Oscar Pettiford: All The Things You Are

Oscar Pettiford came into prominence during the 1940s through his associations with Coleman Hawkins, Dizzy Gillespie and Duke Ellington. While working with Woody Herman in 1949, Pettiford suffered a broken arm and found it difficult to play the bass. For rehabilitation purposes, he learned to play the cello and after his recuperation, he played it occasionally on gigs. A shining achievement of his cello technique is his 1959 version of “All The Things You Are.”

Pettiford plays the introduction arco, then Koller enters with the melody. Throughout the first chorus of the song, Pettiford develops a call and response pattern with Koller. During his solo from 1:59-2:52, Pettiford incorporates several techniques including even eighth-note patterns, note bends and slides. Zoller enhances the performance by choosing notes that further develop the contour of Pettiford’s solo. “All The Things You Are” serves as a great addition to the history of the cello in jazz and to Pettiford’s late discography.

September 09, 2009 · 0 comments


Gonzalo Rubalcaba: All the Things You Are

Rubalcaba's appearances with Haden and Motian at the 1989 Montreal Jazz Festival and the 1990 Montreux Jazz Festival—the latter where this track was recorded—were instrumental in creating a huge buzz regarding the young Cuban pianist's virtuoso talent. This warranted hype grew despite the fact that it would be several more years before he would be allowed to enter the United States to perform, due to State Department restrictions. That Rubalcaba was the real deal early on is clearly evident on this kaleidoscopic 11-minute treatment of "All the Things You Are," the reliable warhorse that has served to test and measure countless jazz musicians over the years. Rubalcaba brings to bear his early classical training, as well as his exposure to Afro-Cuban music and jazz influences such as Keith Jarrett and Chick Corea.

The pianist starts with a contemplative solo exploration of the melody's familiar harmonies, but quickly ups the tempo as he's joined by Haden and Motian. Forceful chords, propulsive rhythmic variations, convoluted gliding runs, and hurtling two-handed unison passges are among the many treats Rubalcaba offers the audience at Montreux. Haden and Motian admirably manage to keep up with him, but seem merely along for the ride. The bassist does get a chance to solo fervently about five minutes in, obviously inspired by Rubalcaba's verve. Motian succeeds him with a characteristically loose and unpredictable improvisation. Rubalcaba picks up where he left off for the final three minutes, at first racing cogently through the changes before a somewhat more subdued, but ultimately rhapsodic winding-down. A star is born.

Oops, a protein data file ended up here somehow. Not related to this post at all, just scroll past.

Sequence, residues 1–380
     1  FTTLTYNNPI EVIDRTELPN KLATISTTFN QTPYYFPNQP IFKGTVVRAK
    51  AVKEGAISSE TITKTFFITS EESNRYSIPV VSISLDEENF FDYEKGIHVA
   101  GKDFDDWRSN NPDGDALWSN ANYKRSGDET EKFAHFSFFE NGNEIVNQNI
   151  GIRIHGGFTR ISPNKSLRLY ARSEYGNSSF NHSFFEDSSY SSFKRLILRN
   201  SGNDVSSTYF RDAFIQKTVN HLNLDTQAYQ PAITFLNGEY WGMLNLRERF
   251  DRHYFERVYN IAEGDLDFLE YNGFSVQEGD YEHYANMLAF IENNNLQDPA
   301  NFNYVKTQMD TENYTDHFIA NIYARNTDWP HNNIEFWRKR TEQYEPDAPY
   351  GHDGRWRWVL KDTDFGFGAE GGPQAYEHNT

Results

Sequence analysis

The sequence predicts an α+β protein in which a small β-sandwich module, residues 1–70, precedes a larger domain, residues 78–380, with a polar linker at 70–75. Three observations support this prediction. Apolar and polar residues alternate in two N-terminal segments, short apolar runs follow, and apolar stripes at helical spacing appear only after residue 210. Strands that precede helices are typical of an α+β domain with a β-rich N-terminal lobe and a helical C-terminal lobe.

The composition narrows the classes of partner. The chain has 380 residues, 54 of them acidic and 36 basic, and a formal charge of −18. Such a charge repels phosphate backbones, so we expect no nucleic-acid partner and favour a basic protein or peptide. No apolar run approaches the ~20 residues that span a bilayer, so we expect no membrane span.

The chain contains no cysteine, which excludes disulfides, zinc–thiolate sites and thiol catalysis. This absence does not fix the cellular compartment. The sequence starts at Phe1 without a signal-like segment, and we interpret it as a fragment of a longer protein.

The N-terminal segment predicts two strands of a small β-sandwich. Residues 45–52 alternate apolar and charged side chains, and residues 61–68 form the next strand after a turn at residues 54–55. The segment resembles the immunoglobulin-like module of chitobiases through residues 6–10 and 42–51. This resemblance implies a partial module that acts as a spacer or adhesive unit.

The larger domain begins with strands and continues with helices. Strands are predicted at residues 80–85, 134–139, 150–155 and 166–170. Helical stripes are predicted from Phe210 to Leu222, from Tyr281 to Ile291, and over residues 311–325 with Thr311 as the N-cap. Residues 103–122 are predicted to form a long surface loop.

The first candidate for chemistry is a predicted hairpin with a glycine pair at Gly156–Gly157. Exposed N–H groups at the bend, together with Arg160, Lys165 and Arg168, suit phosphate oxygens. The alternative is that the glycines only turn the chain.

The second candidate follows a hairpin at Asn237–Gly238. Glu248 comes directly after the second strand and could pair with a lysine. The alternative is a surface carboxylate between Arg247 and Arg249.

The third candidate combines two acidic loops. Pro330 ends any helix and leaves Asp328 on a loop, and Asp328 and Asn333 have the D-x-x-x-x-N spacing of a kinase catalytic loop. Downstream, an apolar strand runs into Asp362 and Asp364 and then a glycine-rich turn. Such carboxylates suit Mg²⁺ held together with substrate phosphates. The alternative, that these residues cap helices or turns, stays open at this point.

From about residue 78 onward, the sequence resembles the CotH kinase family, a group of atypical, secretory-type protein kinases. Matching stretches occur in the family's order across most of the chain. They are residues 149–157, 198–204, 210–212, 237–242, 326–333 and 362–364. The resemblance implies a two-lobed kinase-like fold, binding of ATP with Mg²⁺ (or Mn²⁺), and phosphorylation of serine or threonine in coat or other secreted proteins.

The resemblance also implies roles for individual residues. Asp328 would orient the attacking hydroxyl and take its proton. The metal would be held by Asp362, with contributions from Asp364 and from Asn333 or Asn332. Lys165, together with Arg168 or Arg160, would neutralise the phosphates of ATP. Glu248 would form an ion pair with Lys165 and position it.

June 23, 2009 · 0 comments


Denny Zeitlin: All The Things You Are

After Denny Zeitlin moved to San Francisco in 1964, he formed a working trio with Charlie Haden (b. 1937) and Jerry Granelli (b. 1940) that lasted for two years. Their first album was Carnival, and as remarkable as Zeitlin’s freshman Cathexis album was, his second was a definite step forward. Among its numerous high points was this unique treatment of an oft-performed standard. The “hook” of Zeitlin’s arrangement is the song’s bridge, or middle section—it’s played in waltz time, except for the final two measures, and repeated over and over to build tension before returning to the final A section.

The trio’s execution of this—at times delicate, at other times soaring—is sublime; this is one of the quintessential jazz recordings of “All the Things You Are”. Zeitlin rerecorded his arrangement in the late 1980s with bassist Joel DiBartolo and drummer Peter Donald (Denny Zeitlin Trio Windham Hill Jazz 112), but this slower version is definitive.

June 14, 2009 · 0 comments


Sonny Rollins & Coleman Hawkins (with Paul Bley): All the Things You Are

The piano solo on this song was my first introduction to Paul Bley's music. When I heard it for the first time (7 years ago or so), it basically changed my life. Many people have spoken about the originality and historical importance of this solo, analyzing it in detail and discussing its far-reaching influence; instead of trying to do something like that, I'll just talk briefly about what it has meant to me personally and why I love it so much.

Like many young musicians today, I came up through the jazz education system. I was a diligent student, so I had learned a fair amount of music theory and had a pretty solid understanding of which notes were "correct" for me to play on one chord progression or another. The three choruses that Bley plays here (sandwiched between a more traditional yet beautifully lyrical solo by Coleman Hawkins and a perhaps slightly self-conscious solo by Sonny Rollins) showed the limitation of those theoretical conceptions, and represented a radically different approach to improvisation, one not about right or wrong. It was a paradigm-shifting moment for me, one which caused me to reevaluate my musical priorities.

In this solo, Bley's melodies roam freely in and out of the written changes, each line unfolding in its own curious way, pursuing its own muse. Yet he’s not just playing “free”; even when he's not using the prescribed chord-scales, he always knows exactly where he is in the form of the song, and his ideas are incredibly coherent—sometimes motivic, sometimes gestural, sometimes playful, always imaginative. I find this solo to be one of the most strangely beautiful moments in the history of recorded jazz, so I really don't want to spoil it by attempting to use any more words to describe what he's doing here. Just listen.

June 12, 2009 · 0 comments


Sonny Rollins & Coleman Hawkins: All The Things You Are